Redwood Creek (Marin County)

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Redwood Creek
Redwood Creek at Muir Beach Hugh Kuhn WInter 2011.jpg
Redwood Creek flowing west to its mouth at Muir Beach (photo credit: Hugh Kuhn)
CountryUnited States
RegionMarin County
Physical characteristics
SourceMount Tamalpais confluence of Bootjack, Rattlesnake and Spike Buck Creeks
 ⁃ coordinates37°54′14″N 122°35′22″W / 37.90389°N 122.58944°W / 37.90389; -122.58944[1]
MouthPacific Ocean
 ⁃ location
Muir Beach, California
 ⁃ coordinates
37°51′35″N 122°34′40″W / 37.85972°N 122.57778°W / 37.85972; -122.57778Coordinates: 37°51′35″N 122°34′40″W / 37.85972°N 122.57778°W / 37.85972; -122.57778[1]
 ⁃ elevation
0 ft (0 m)
Length4.7 mi (7.6 km)
Basin size7 sq mi (18 km2)
Basin features
 ⁃ leftFern Creek, Green Gulch Creek
 ⁃ rightKent Creek

Redwood Creek is a short but significant stream in Marin County, California. 4.7 miles (7.6 km) long,[2] it drains a 7-square-mile (18 km2) watershed which includes the Muir Woods National Monument, and reaches the Pacific Ocean north of the Golden Gate at Muir Beach.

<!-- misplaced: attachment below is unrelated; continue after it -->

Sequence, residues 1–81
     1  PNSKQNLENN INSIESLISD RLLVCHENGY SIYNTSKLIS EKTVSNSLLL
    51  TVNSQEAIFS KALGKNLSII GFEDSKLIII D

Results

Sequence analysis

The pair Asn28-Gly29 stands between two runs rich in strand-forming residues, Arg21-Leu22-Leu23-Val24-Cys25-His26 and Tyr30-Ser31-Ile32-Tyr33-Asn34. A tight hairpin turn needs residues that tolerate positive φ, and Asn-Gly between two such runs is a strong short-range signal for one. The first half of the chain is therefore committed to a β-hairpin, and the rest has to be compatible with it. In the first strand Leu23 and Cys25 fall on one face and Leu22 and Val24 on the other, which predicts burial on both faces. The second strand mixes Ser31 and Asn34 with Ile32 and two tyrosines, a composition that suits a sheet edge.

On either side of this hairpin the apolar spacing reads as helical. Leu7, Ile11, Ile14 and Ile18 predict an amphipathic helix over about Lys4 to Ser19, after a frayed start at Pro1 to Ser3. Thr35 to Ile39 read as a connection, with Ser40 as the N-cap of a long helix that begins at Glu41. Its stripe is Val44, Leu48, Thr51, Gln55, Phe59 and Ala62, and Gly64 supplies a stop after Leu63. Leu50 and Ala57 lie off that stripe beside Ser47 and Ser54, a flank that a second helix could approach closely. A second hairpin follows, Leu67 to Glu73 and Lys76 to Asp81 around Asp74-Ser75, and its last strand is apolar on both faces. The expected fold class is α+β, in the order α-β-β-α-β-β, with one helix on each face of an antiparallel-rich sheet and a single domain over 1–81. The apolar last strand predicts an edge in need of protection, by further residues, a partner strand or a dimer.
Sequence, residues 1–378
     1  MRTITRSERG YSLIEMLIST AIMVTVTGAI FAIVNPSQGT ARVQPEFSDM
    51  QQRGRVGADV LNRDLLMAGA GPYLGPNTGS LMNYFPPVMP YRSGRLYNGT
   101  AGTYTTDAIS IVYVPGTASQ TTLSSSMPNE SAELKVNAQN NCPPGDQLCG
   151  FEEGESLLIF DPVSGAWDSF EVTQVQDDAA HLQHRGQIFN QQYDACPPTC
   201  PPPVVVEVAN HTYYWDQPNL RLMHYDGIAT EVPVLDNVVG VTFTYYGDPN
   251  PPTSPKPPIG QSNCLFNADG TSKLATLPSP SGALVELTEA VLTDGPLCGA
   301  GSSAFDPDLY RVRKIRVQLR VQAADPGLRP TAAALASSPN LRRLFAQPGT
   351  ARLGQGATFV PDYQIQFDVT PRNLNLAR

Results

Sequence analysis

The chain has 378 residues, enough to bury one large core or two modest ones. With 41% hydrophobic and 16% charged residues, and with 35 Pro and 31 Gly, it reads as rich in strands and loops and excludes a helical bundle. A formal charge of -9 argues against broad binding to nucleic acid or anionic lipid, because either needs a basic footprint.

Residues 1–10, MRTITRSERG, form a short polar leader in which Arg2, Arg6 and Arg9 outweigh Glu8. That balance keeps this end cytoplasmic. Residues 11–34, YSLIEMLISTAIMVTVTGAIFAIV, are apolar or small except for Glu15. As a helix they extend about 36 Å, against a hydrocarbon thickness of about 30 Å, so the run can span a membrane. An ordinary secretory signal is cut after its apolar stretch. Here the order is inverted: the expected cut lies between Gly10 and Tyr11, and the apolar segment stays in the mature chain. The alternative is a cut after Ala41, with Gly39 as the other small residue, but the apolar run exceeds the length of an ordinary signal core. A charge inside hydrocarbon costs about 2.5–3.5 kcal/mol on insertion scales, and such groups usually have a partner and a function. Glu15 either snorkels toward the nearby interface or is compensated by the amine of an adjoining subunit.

Redwood Creek about one mile below Muir Woods National Monument (photo credit: Hugh Kuhn)

At the time of European discovery, the watershed was inhabited by the Coast Miwok, of which the local Huimen tribe was one of fifteen independent Miwok tribes in Marin and southern Sonoma counties. The indigenous archeological site named CA-MRN-33 on the edge of Big Lagoon is listed on the National Register of Historic Places as the Muir Beach Historical Site.[3] The Banducci family grew hay and flowers on a 170-acre (0.69 km2) parcel 1/2 mile upstream from the lagoon, and constructed levees along the right banks in 1948-1949 to prevent overbank flooding. These historical actions created an artificially-straight, constrained stream with relatively little habitat heterogeneity, nicknamed the “Bowling Alley” reach. The NPS acquired this property in 1980, with an agreement allowing the Banduccis to continue farming until 1995.[4] In 1945, George Wheelwright, a co-founder of Polaroid, purchased the Green Gulch Farm and Muir Beach where he created pasture by constructing drainage channels, levees, a dam and a large drainage channel along Redwood Creek. In 1967, Wheelwright donated the Muir Beach area to the California State Parks who built a large parking lot in the current location by the beach. In 1972, Wheelwright sold the Green Gulch Farm to Zentatsu Richard Baker who transformed the ranch into the Green Gulch Farm Zen Center.